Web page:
Continuing its celebration of Black History Month, PBS premieres American Masters' documentary Cab Calloway: Sketches on the 27th of February. Born in 1907 Calloway was to become one of the best known entertainers of the thirties and the big band era. His vocal gymnastics combined with his gyrating dancing and flamboyant personality made him unique not only among the black superstars of the period, but among all performers regardless of race. Filmmaker Gail Levin has created an important study that is less concerned with the details of his life than it is with trying to understand his success in the context of the socio-cultural environment of the time.
The film traces his career from his initial failure as a bandleader at Harlem's Savoy Ballroom, where he and his band were let go after two weeks, to his successes at the famed Cotton Club and in films like Stormy Weather, his stint as Sporting Life, a role that was modeled on him by the Gershwins in Porgy and Bess, and his introduction to a new generation in John Landis' 1980 film The Blues Brothers.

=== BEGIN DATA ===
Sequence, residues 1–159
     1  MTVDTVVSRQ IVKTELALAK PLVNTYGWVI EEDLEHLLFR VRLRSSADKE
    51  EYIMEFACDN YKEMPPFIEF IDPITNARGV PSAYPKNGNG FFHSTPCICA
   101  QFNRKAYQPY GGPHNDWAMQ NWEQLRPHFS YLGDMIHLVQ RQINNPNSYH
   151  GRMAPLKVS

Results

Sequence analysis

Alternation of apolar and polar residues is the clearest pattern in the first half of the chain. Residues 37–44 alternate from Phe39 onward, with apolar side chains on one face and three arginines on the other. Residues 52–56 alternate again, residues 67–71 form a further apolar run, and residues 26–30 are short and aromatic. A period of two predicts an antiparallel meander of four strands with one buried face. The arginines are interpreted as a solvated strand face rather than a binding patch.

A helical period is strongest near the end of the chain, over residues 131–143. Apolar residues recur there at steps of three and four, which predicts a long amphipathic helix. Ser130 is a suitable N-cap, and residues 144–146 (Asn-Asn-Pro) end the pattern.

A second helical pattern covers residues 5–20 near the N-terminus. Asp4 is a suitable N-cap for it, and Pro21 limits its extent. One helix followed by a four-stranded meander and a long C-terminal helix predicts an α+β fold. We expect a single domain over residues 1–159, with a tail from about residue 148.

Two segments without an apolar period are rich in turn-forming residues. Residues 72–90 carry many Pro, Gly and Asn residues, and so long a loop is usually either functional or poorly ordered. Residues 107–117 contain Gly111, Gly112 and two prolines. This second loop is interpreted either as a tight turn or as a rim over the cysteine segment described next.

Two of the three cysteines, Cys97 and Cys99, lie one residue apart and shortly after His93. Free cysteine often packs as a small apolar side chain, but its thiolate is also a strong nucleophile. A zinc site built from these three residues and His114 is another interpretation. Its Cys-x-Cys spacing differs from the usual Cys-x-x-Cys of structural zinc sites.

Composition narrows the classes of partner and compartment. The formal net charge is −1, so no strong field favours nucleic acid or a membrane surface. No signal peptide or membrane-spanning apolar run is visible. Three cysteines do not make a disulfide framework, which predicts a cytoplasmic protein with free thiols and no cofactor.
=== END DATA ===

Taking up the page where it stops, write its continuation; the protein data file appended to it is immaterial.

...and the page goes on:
He comes to New York at the time of the Harlem Renaissance. It was a period when African American artists in all genres were demanding recognition beyond the stereotypes common in the segregated white society. New York City's Harlem, a center of Black migration north, was quickly becoming the black cultural capital of the country. It was there one could find writers like Langston Hughes and Zora Neale Hurston and leaders like W. E. B. DuBois. It was there one could find musical giants like Duke Ellington and Louis Armstrong, and Calloway was to emerge as a giant in his own right.
Archival footage demonstrates his dynamic performances; this was an artist who knew how to take the stage and command attention. Whether in a tuxedo or a zoot suit, this was a man who exuded confidence and assurance. His voice was his instrument, and he played it with virtuoso style and energy. "Minnie the Moocher," the song that is identified with his name was one of the earliest black performances to go mainstream, and this despite the dark nature of its subject matter. "Hi de hi de hi de ho" was to become a tagline that followed him for the whole of his life.